Don’t Leave, We Need You! 8 “Cries” and “Whys” For Not Leaving Teaching

By: Jon Konen | Mar 27, 2019

One random Wednesday in March our staff all wore red to school. It signified red for public education. We talked about “why” we should wear red all day! It made me proud to be part of this one day movement, and many have pledged to continue to promote this cause. With ...
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The Fears Teachers Have: Part 3) What Is Making Professional Educators Flee At Such High Rates? Tales From the Inside of My Chosen Field

By: Mary McLaughlin | Mar 25, 2019

This is the final installment of a three-part series on Teacher Fears, and in it we will explore what’s really ruminating in the hearts and minds of the people in this profession. This exploration will consider the things that teachers are often hesitant to discuss or write about for fear ...
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The Fears Teachers Have: Part 2) Have Well-Educated Adults Lost Their Ability To Have a Backbone?

By: Mary McLaughlin | Mar 22, 2019

This is Part 2 of a three-part series on Teacher Fears, and in it we will explore what’s really ruminating in the hearts and minds of the people in this profession. This exploration will consider the things that teachers are often hesitant to discuss or write about for fear of ...
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The Fears Teachers Have: Part 1) Facing Down What Is Real, What Is Perceived and What Makes Teachers Fear For Their Jobs and Careers

By: Mary McLaughlin | Mar 20, 2019

This is Part 1 of a three-part series on Teacher Fears, and in it we will explore what’s really ruminating in the hearts and minds of the people in this profession. This exploration will consider the things that teachers are often hesitant to discuss or write about for fear of ...
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4 Strategies to Reframe Student and Parent Comments to the Positive

By: Jon Konen | Mar 12, 2019

Have you ever wanted to change the words that someone says? As an educator, reframing words is a conversational skill that can be very tricky, but very effective in the success of a student. Many times we using reframing to change negative self-talk or unhealthy perceptions of others. The best ...
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Igniting Magic: 5 Things I Learned When I Transformed My Classroom Into a Campground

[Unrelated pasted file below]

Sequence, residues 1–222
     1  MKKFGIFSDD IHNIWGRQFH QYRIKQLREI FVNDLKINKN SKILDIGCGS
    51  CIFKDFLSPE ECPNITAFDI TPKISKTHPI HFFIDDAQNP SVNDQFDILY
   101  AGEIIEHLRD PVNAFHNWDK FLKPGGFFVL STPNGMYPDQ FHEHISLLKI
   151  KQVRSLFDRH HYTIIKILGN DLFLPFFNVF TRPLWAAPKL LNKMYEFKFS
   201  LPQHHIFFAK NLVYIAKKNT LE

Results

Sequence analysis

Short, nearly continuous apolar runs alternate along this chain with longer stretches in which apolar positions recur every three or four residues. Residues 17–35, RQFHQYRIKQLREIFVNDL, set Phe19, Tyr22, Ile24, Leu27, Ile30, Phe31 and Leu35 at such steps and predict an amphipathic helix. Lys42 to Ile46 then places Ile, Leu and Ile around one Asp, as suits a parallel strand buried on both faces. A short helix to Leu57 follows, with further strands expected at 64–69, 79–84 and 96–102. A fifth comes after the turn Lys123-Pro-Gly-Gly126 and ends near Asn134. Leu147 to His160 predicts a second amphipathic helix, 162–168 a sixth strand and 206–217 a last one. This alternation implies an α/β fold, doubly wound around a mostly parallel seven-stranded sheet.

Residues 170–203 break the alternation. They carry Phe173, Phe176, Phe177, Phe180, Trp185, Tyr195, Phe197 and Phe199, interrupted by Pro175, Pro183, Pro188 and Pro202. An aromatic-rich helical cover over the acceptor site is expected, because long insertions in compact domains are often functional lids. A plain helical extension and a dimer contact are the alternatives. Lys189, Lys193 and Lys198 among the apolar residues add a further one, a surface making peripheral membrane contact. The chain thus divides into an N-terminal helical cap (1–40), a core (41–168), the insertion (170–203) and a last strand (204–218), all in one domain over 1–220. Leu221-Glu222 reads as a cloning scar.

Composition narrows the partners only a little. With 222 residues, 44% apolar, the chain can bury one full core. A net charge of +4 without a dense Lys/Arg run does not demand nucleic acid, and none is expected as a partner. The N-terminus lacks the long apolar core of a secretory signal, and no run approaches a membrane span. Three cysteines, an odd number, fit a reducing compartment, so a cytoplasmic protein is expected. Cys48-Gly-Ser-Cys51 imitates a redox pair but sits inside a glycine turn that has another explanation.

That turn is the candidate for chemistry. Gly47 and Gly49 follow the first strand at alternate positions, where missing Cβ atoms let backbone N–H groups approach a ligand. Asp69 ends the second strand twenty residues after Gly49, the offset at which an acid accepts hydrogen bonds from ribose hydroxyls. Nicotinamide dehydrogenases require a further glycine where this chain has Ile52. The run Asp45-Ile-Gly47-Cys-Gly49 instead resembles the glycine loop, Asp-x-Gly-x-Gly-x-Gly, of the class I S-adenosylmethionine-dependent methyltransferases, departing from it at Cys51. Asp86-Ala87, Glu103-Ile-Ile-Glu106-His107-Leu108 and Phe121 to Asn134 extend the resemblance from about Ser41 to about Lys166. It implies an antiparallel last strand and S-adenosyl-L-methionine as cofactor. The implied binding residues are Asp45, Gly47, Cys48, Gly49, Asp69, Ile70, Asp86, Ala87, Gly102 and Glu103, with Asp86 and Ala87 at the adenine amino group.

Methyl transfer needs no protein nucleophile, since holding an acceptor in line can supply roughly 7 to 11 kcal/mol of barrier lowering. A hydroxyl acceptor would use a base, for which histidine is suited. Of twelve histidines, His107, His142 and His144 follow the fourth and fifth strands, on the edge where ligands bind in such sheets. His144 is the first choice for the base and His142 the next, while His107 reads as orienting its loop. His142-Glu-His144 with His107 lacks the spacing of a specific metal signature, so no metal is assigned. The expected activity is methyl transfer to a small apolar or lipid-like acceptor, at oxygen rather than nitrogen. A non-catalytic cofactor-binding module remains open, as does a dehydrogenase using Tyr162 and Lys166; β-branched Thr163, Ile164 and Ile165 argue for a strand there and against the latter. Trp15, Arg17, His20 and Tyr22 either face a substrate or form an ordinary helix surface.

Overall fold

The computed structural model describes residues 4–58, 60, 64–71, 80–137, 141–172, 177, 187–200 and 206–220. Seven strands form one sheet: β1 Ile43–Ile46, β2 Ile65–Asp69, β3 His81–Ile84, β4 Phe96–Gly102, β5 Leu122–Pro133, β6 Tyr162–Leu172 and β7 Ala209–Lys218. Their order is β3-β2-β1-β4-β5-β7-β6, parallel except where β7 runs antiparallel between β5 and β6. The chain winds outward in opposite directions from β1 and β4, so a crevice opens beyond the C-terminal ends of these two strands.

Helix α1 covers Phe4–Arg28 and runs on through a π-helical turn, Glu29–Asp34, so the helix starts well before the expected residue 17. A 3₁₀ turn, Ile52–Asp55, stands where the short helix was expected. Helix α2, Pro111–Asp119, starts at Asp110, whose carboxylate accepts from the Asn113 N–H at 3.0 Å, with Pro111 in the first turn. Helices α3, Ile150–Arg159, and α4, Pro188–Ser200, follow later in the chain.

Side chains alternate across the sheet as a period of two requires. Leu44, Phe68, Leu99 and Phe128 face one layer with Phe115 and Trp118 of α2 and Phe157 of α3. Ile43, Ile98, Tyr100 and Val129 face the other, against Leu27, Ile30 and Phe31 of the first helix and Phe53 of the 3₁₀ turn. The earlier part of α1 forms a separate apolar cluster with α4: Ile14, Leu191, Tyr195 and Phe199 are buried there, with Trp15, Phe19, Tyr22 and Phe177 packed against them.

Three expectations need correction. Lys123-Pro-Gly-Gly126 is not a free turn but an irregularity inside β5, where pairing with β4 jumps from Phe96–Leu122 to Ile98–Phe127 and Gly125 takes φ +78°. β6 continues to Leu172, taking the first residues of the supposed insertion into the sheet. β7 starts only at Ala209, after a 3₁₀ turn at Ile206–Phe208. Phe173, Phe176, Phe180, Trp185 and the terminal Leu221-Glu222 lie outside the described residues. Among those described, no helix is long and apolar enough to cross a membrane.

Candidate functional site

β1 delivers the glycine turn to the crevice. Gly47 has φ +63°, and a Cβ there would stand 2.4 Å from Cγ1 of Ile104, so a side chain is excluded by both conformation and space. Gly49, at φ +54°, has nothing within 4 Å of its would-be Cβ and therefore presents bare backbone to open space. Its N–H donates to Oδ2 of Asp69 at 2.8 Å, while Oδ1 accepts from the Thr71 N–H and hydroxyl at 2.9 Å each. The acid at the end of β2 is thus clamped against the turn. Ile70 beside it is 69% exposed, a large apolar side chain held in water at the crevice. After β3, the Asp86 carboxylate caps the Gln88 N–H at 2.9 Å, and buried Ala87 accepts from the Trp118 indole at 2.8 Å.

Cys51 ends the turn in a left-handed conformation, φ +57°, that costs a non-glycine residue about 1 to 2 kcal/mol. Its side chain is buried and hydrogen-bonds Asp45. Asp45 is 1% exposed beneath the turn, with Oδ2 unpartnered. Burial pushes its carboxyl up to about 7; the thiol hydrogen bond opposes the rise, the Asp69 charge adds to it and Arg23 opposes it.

By: Brooke Knowles | Feb 11, 2019

Can you just hear the crackle of the campfire and the crickets chirping?  How about the sweet taste of marshmallows, chocolate, and graham crackers?  The tent is set up in your favorite spot, right next to the tallest evergreen tree. You and the kids settle in to read a good book ...
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Leadership: 7 Unintentional Lessons I Learned from Failure

By: Jon Konen | Feb 4, 2019

Failure is often misinterpreted. We shy away from failure, especially if we are perfectionists. When in reality, it can be the greatest learning experience and an opportunity for personal growth. Recently I applied for a superintendent position in my school district. The district is the second largest in Montana with roughly 10,500 ...
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You Can’t Control All the Factors That Lead to Problem Behavior, But You CAN Manage It In The Classroom

By: Mary McLaughlin | Jan 24, 2019

I have three dogs—Homer, Scruffy, and Murphy (whose whole name is Murphy Hugh Jackman…long story). Homer came to me because of a rainy day. Typical for me on a rainy day, I picked up my lap top and sat down to mindlessly browse the web during Christmas vacation.  A page popped up ...
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Training and Retaining Great Talent in America’s Teaching Ranks

By: Mary McLaughlin | Jan 9, 2019

In the last week of the year. All across this great land of ours, American Teachers were enjoying the reprieve from day-to-day tasks involved with educating America’s youth. Not many (okay, probably a lot really ARE…I’m probably the only slacker) were reading professional articles about enhancing classroom practice.  Probably few were ...
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